Twenty-nine tonnes of carrots were dumped on a street in London, leaving onlookers mystified. Londoners took to social media on Wednesday to share photos and videos of the 29,000 kilograms of carrots that were dumped outside Goldsmiths College in south London. A lorry was recorded offloading the produce onto a street on the university campus as a crowd of students watched.
"Does anyone know why a significant volume of carrots has just been dumped on Goldsmiths university campus?" one bemused Twitter user asked.
Does anyone know why a significant volume of carrots has just been dumped on Goldsmiths university campus? pic.twitter.com/oYj51IxHfp— George Greenwood (@GeorgeGreenwood) September 30, 2020
Another shared a video of the bright orange veggies lying in a pile on the road.
carrots at goldsmiths. Carrots at goldsmiths pic.twitter.com/SQKtduu7ms— gaucho trap house (@fromscratch11) September 30, 2020
The mystery was revealed when Goldsmiths responded to one of the viral tweets and explained that the carrots were part of an art installation by a student.
"It is an installation called 'Grounding' by the artist and MFA student Rafael Perez Evans," the college wrote on the microblogging platform, adding that the installation is part of Goldsmiths' MFA degree show.
A statement from the artist Rafael Perez Evans further revealed that "produce in the piece are unwanted carrots, carrots that the food industry in the UK deems not worthy of shelves." The carrots will be removed after the exhibition and donated to farm animals.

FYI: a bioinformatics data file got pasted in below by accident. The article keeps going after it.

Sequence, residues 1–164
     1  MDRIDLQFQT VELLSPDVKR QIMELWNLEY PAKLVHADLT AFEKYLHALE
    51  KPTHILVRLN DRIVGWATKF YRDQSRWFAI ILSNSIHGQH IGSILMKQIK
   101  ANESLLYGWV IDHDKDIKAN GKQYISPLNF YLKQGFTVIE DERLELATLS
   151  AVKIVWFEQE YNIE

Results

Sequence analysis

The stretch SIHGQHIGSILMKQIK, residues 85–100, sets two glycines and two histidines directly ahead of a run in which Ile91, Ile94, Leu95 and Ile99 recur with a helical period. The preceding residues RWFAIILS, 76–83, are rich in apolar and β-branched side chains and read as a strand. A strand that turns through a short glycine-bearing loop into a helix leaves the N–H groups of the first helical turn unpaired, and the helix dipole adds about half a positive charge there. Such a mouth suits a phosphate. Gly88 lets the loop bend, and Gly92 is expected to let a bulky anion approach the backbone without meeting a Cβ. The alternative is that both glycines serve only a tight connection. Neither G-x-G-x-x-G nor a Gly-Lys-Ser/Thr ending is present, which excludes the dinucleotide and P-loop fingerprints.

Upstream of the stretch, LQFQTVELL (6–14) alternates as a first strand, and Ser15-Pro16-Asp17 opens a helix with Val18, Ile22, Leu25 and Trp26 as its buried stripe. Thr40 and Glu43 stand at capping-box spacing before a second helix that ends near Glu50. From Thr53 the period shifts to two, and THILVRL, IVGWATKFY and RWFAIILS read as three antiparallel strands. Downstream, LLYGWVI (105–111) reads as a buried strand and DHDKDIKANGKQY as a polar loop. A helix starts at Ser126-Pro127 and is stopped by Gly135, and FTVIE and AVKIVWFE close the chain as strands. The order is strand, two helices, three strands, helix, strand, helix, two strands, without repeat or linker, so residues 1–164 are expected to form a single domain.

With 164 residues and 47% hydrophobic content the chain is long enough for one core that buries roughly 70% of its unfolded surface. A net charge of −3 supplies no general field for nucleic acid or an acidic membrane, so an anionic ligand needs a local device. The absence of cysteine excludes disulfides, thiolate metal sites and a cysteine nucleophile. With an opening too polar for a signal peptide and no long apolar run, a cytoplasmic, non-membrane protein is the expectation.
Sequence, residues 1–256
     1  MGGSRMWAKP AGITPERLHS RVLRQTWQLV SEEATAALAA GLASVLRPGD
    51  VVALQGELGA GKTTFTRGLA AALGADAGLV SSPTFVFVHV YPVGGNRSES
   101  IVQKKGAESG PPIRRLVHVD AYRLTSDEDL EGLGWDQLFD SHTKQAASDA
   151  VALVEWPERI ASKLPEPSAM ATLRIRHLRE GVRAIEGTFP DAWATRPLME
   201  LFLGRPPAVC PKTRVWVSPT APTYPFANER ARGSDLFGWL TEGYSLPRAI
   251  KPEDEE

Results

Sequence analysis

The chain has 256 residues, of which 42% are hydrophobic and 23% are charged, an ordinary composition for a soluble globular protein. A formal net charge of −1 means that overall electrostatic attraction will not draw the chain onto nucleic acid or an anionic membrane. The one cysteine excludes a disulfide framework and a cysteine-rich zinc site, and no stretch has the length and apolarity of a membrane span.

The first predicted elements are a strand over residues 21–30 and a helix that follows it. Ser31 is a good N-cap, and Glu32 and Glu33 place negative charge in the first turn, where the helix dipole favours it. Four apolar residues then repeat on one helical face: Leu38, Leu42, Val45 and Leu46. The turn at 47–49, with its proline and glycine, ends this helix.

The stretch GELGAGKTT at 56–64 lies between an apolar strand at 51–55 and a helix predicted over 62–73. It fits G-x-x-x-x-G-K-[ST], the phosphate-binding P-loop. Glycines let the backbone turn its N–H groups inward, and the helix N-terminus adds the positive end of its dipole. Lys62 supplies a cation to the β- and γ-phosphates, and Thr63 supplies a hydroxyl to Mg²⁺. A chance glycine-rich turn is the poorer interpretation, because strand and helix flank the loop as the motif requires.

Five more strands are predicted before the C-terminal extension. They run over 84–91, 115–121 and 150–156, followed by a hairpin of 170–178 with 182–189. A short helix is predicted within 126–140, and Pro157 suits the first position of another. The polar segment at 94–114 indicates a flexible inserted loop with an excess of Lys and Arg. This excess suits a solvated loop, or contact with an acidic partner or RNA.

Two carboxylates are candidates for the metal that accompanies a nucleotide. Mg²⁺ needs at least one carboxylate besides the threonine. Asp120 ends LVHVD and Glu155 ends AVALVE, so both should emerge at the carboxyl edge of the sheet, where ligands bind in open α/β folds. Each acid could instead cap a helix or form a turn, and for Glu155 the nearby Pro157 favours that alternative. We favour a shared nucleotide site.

The artwork explores "the tensions in visibility between the rural and the city" and was inspired by European farmers dumping their devalued produce as a form of protest.
While Mr Evans has arranged for the carrots to be collected and sent to feed animals, Sky News reports that since its installation on Tuesday, many students were filmed climbing on the artwork and taking carrots home to eat.
The artwork garnered mixed responses on social media, with some criticising it for contributing to - rather than highlighting - the problem of food wastage.
"If they had not been dumped on the ground, those carrots could have been donated to organizations that feed PEOPLE," one Twitter user wrote.
"Whether you agree on its validity as an 'instillation' or even a piece of art, no one can disagree that it's a visual image that you'll remember," another remarked.
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